Doctors in Singapore upbeat on cheap drug to treat Covid-19
They await full results of Oxford study on dexamethasone
Infectious disease doctors in Singapore are cautiously optimistic that an old and cheap steroid drug may cut Covid-19 deaths by a third, based on early results from a British study.
A team from Oxford University had given the steroid dexamethasone to more than 2,000 patients and compared their outcomes with over 4,000 patients who were not given the drug.
The risk of death for patients on ventilators was cut from 40 per cent to 28 per cent after they were put on it for 10 days.
The team's chief investigator, Professor Peter Horby, told the BBC: "This is the only drug so far that has been shown to reduce mortality - and it reduces it significantly. It is a major breakthrough."
Prof Horby said the benefit is clear for patients who are sick enough to require oxygen treatment, "so dexamethasone should now become standard of care in these patients".
But it does not help patients who do not have difficulty breathing.
Experts here say they need to see the full results of the study, though Associate Professor Hsu Li Yang, an infectious disease specialist and epidemiologist at the National University of Singapore's Saw Swee Hock School of Public Health, said there is "biological plausibility" that the drug can help seriously ill Covid-19 patients.
He said it "appears to work only on those who are more ill, which is consistent with its mechanism of action of suppressing the immune system. In many cases, the deterioration in Covid-19 is due to immune system overdrive".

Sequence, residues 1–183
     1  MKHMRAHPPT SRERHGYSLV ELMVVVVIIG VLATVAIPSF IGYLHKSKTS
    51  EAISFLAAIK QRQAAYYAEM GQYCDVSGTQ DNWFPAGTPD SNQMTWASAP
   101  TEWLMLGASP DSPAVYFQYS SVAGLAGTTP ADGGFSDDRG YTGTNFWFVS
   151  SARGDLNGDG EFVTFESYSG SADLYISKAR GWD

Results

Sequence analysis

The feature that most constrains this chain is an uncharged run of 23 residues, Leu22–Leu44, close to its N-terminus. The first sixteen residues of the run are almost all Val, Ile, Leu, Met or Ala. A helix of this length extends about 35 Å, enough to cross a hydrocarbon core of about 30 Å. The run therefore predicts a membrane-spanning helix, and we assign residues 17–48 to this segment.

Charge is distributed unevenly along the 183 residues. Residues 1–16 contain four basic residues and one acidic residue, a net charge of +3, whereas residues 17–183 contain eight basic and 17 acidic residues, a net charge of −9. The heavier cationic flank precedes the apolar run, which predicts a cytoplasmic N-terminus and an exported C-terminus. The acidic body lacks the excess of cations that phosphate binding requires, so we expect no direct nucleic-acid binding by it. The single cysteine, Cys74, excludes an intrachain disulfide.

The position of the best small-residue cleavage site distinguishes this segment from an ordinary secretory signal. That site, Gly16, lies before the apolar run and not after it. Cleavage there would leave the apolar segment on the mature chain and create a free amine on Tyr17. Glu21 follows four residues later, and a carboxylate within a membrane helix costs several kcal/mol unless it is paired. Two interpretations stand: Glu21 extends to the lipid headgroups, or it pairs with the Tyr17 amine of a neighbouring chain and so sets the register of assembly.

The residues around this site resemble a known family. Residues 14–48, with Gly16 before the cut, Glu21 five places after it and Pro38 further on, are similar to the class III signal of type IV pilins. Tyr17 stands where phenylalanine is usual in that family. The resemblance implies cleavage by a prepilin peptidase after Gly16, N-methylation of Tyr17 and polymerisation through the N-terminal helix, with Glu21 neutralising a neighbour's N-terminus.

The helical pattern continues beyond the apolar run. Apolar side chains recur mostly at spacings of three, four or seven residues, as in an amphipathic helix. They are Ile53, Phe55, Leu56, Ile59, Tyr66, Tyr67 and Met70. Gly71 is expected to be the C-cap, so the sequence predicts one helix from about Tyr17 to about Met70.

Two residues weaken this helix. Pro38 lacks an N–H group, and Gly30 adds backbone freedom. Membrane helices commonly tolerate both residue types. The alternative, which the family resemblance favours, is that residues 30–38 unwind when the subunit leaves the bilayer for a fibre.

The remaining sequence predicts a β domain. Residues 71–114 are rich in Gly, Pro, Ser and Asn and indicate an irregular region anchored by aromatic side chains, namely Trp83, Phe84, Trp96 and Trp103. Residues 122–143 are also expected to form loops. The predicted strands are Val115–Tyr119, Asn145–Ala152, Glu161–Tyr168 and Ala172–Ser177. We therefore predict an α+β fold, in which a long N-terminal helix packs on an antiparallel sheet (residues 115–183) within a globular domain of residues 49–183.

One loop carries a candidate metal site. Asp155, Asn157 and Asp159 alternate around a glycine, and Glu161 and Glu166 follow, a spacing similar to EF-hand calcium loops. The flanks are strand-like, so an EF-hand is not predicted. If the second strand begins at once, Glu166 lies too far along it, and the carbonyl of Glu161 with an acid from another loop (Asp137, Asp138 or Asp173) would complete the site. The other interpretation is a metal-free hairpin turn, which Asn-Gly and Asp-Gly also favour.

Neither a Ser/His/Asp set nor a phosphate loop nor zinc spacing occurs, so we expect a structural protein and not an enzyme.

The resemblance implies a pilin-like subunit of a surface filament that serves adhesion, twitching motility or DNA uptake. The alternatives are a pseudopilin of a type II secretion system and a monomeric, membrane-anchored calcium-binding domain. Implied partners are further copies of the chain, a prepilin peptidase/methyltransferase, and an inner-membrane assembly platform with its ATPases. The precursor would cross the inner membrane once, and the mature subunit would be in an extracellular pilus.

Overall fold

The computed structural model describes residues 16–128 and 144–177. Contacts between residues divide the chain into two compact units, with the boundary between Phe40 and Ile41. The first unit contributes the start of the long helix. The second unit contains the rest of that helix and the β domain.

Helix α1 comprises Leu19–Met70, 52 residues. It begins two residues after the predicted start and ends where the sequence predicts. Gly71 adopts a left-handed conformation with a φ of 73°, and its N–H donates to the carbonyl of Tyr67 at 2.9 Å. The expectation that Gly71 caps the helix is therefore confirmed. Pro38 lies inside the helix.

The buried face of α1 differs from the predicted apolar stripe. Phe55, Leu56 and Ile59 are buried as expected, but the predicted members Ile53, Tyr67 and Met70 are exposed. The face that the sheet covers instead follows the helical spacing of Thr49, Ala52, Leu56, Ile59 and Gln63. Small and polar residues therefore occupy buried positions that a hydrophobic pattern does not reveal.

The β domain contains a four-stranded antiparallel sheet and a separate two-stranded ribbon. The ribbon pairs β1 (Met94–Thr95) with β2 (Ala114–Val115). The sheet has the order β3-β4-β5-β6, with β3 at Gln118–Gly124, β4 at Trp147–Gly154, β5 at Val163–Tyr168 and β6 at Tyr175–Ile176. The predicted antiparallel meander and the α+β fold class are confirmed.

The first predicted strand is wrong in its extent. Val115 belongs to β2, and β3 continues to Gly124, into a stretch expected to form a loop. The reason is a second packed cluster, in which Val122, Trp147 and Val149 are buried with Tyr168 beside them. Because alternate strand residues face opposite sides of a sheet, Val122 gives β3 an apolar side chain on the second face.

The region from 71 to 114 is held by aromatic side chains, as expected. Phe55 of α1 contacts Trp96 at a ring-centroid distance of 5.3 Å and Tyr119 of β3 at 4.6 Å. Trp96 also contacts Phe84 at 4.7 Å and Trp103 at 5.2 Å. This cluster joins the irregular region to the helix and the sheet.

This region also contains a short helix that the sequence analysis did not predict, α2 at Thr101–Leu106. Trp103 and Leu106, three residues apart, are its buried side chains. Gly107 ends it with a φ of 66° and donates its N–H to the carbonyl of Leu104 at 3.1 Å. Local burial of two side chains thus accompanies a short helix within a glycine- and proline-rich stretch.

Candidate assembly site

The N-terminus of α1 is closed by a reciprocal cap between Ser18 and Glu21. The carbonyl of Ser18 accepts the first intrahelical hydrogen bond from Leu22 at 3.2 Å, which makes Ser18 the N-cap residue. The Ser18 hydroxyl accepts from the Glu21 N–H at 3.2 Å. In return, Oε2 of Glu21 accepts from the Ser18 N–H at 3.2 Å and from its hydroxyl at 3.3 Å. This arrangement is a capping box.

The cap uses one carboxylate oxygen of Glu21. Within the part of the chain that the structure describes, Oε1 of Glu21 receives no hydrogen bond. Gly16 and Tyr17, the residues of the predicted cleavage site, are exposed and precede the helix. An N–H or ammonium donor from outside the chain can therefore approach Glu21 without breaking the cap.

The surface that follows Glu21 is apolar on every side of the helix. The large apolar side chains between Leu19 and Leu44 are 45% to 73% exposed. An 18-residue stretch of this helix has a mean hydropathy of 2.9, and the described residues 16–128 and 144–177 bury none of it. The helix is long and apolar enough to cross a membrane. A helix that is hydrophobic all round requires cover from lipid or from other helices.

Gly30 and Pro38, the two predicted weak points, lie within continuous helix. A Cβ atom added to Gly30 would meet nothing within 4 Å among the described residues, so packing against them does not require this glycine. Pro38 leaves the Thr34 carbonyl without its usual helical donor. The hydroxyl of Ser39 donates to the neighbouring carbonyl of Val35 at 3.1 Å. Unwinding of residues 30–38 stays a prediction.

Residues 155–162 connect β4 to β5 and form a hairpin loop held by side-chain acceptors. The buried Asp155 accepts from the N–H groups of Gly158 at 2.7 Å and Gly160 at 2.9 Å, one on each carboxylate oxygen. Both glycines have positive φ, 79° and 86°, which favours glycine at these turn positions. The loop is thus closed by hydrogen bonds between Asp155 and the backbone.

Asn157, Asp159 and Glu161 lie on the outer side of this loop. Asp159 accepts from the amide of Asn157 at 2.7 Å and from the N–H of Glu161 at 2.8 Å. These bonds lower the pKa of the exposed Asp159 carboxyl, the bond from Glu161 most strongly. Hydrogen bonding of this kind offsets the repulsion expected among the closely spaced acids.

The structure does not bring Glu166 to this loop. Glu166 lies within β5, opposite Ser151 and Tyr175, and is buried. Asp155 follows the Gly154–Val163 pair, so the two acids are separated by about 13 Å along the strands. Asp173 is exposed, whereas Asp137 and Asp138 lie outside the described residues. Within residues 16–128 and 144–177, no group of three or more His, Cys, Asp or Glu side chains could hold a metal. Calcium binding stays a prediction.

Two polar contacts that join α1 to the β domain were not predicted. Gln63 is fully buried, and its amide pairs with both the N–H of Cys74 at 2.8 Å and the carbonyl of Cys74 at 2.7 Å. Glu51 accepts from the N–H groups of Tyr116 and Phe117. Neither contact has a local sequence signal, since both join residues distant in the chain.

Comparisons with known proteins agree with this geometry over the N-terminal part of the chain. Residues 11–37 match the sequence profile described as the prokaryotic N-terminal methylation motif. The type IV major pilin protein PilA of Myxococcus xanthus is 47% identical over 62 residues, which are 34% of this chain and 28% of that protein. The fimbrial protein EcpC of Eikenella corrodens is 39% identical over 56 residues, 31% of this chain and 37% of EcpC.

Dr Asok Kurup, who chairs the Academy of Medicine's Chapter of Infectious Disease Physicians, said: "Yes, it is indeed very promising being the first agent to show an effect on reducing mortality."
It is also cost effective, "but we are waiting for more details of the study and will be making recommendations locally".
Professor Leo Yee Sin, executive director of the National Centre for Infectious Diseases, said the drug is cheap and easy to administer but further discussion is needed on "how this finding will influence and modify current treatment approach".
"Nonetheless, we eagerly await more detailed information and formal publications with special attention to adverse effects," she said.
But Professor Dale Fisher, a senior infectious disease expert at the National University Hospital, is more confident as Prof Horby "leads a strong team".
He added: "We have been afraid to use (dexamethasone) because of the risk of secondary infections, but I think this will give intensivists (specialist doctors working in intensive care) a lot of confidence to use it in the critically ill or even those needing supplemental oxygen."
Also, he said, the dose needed is just 6mg, "so it is working by immune suppression but the dose is not massive".
The World Health Organisation said it is looking forward to the full data analysis in the coming days, as the researchers have shared only initial insights.
Director-general Tedros Adhanom Ghebreyesus said: "This is the first treatment to be shown to reduce mortality in patients with Covid-19 requiring oxygen or ventilator support."
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